Komarnica hydropower plant, Montenegro
Planned by Montenegro’s state-owned electricity utility EPCG, the need for the Komarnica hydropower plant has never been proven.
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- Capacity: 172 MW, generating 213 GWh of electricity annually
- Planned 45 km upstream of the existing 342 MW Piva hydropower plant.
- In February 2022, it was confirmed that state-owned electricity utility Elektroprivreda Crne Gore (EPCG) would receive a concession for the project.
- Project cost: EUR 246.5 million
- As of early 2022, no financing has been secured.
- The need for another peaking hydropower plant in Montenegro has not been proven and the country is lagging behind with tackling energy wastage and developing solar power.
- It would destroy the precious Komarnica valley, which is protected by law and is a proposed extension of Durmitor National Park Unesco Heritage site.
- The project’s environmental impact assessment admits that harm would be done but sees it as justified by the project being in the ‘public interest’.
- No ‘appropriate assessment’ has been done under the EU Habitats Directive.
- Lack of information available to the public on the project’s feasibility.
The 172 MW Komarnica hydropower project is planned to be built on the river Komarnica, 45 km upstream of the existing 342 MW Piva power plant in Montenegro. The project would feature a 171 m high concrete arch dam that would impound a 17.6 km long reservoir. As a peaking plant, it is expected to generate only 213 GWh of electricity annually (compared to an average of 860 GWh generated by the Piva plant).
Lack of justification for the project
Plans to build a hydropower plant on the Komarnica have been around since the 1970s, but have been vigorously revived in recent years after EPCG’s other flagship projects – the Pljevlja II coal plant and the Morača hydropower plants – proved uneconomic and were shelved.
However, it is unclear why Montenegro, which already generates 40-60 per cent of its electricity from hydropower, depending on rain and snowfall, needs yet another hydropower plant, and no evidence of Komarnica’s economic viability is available to the public. A system with such a high percentage of hydropower is already highly vulnerable to climate change, as can be seen from its wide annual fluctuation in generation. This is all the more so because the Piva plant already works as a peaking plant. Surely Montenegro needs diversification of its renewable energy sources much more than it needs another hydropower plant, especially as plans for its first large-scale solar plant at Briska Gora have stagnated.
Damage to protected areas
The project would flood part of the Komarnica candidate Emerald Site (ME000000P) and the Dragišnica and Komarnica Regional Park. The area is also part of three potential Natura 2000 sites: Bukovica Valley and Vojnik Mountain under the Birds Directive and the Komarnica and Pridvorica sites under the Habitats Directive.
Moreover, the Komarnica river has been identified as a potential area for the expansion of the Durmitor National Park and UNESCO site, but so far has only been awarded a weaker ‘Regional Park’ status.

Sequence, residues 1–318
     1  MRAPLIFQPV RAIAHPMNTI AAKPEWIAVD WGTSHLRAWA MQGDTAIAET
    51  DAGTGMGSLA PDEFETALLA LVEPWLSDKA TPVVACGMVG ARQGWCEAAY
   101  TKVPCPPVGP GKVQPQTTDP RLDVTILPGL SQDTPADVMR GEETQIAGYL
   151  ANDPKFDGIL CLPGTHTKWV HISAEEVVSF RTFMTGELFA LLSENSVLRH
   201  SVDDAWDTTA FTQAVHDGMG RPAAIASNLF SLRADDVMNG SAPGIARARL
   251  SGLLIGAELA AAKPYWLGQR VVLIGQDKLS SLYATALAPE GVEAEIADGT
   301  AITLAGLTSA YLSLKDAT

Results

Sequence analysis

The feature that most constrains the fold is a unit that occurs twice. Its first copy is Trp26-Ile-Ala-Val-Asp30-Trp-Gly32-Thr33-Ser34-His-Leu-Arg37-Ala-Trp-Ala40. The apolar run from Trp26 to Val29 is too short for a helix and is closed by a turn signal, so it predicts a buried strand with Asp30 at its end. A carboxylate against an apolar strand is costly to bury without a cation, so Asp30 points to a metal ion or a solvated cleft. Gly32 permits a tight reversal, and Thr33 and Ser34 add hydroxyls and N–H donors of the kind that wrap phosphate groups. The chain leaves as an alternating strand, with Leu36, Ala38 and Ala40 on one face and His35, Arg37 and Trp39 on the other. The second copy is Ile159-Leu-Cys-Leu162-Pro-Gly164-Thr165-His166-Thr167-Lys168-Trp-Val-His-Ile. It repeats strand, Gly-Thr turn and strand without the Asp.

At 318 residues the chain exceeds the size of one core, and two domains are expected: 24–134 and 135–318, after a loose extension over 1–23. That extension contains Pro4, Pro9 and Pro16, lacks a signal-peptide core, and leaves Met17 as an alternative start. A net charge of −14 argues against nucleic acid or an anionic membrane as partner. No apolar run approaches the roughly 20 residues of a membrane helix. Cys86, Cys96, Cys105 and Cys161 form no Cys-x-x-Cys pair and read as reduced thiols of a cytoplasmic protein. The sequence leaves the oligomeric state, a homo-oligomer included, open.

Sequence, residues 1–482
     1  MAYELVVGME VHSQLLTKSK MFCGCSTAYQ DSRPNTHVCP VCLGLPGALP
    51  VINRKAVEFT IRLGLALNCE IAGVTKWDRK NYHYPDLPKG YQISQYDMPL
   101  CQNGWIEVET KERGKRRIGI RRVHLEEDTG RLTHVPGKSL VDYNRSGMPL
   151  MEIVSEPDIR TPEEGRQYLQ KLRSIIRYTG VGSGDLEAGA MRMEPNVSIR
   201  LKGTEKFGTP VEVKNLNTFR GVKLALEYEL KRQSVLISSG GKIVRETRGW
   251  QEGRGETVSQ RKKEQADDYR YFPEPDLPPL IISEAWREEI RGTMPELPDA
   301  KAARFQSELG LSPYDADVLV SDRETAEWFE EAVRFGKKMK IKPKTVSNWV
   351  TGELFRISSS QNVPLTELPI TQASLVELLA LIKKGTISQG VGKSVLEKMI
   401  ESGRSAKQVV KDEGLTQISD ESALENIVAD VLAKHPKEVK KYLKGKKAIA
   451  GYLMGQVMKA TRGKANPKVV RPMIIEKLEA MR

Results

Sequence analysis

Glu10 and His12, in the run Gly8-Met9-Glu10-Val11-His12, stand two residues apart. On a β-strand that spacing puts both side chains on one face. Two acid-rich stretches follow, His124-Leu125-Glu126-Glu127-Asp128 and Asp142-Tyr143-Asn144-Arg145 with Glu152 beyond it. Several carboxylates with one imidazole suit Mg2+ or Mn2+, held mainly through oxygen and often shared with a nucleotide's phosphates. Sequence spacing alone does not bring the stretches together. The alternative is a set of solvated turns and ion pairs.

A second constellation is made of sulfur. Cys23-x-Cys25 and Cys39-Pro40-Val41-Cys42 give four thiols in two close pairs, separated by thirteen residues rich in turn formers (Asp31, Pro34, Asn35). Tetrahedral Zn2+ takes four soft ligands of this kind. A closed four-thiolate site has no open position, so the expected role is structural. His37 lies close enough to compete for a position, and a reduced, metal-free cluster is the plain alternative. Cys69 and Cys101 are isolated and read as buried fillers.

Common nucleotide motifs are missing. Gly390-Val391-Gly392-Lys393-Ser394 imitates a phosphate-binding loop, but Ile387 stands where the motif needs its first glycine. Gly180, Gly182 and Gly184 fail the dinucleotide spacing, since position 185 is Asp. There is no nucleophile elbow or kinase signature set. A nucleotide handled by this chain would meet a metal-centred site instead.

The area is home to numerous protected species, including wolves, bears, Balkan chamois, otters, stone crayfish, golden eagles, rock partridges and corncrakes. Yet the full extent of the likely damage by the project is not yet known due to only partial fieldwork having been done.
Unique caves and cliffs would be flooded before their biodiversity is even properly researched.
Poor quality environmental impact assessment
The project’s environmental assessment, published in February 2022, reads more like an advertisement brochure than a scientifically grounded study. It promises the people of Šavnik a golden future based on an influx of tourists who will allegedly visit because of the hydropower plant, but offers no evidence on why or how exactly this will happen. Experience from the town of Plužina, near the existing Piva hydropower plant, rather suggests that the hydropower plant will hinder tourism.
Moreover, although the environmental assessment admits that the hydropower plant will damage biodiversity, it claims that the harm done by the project would supposedly be outweighed by its economic and social benefits.
As an EU candidate country, Montenegro has to a certain extent transposed the EU’s nature protection laws, though it has not made a final selection of Natura 2000 protected areas yet. In any case, it has a duty to protect its candidate Emerald sites under the Bern Convention and must carry out an ‘appropriate assessment’ for any project which may significantly impact an Emerald site or Natura 2000 site. If it is found that the impact will be significant, the project may not go ahead unless a specific assessment finds it to be a project of ‘overriding public interest’. But the Komarnica environmental impact assessment does not include any ‘appropriate assessment’ at all.
Similarly, projects that would degrade the river’s status are not allowed under the EU Water Framework Directive unless they obtain the right to a derogation under Article 4(7) of the Directive. Again, a detailed assessment is needed, which has not been carried out in the case of Komarnica.